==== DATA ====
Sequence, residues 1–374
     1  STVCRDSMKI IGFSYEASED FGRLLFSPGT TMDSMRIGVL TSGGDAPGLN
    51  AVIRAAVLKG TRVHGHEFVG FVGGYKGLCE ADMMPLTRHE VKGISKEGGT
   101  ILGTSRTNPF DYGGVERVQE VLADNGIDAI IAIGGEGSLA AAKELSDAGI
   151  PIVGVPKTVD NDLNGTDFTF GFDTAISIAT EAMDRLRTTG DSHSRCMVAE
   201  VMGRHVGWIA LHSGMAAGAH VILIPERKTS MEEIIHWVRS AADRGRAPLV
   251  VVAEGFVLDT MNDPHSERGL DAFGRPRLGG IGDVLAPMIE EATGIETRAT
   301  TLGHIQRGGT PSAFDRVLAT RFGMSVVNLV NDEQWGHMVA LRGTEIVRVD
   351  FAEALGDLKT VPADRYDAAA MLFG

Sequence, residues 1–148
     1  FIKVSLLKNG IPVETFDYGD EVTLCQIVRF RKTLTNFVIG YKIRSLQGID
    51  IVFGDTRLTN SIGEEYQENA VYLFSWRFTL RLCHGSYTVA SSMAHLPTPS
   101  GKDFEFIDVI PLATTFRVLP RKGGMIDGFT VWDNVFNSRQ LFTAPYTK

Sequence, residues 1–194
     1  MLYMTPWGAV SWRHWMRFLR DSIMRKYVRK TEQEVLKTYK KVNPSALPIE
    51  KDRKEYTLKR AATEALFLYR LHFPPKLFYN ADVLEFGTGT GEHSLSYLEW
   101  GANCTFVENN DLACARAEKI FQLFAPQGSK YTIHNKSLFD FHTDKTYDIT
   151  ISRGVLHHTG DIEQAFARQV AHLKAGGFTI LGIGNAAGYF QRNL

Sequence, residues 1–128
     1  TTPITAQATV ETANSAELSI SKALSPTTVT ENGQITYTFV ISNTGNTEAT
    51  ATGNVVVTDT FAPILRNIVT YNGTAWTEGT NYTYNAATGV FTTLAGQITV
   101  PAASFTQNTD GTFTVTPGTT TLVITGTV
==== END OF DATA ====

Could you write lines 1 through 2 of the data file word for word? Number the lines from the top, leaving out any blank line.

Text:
Sequence, residues 1–374
     1  STVCRDSMKI IGFSYEASED FGRLLFSPGT TMDSMRIGVL TSGGDAPGLN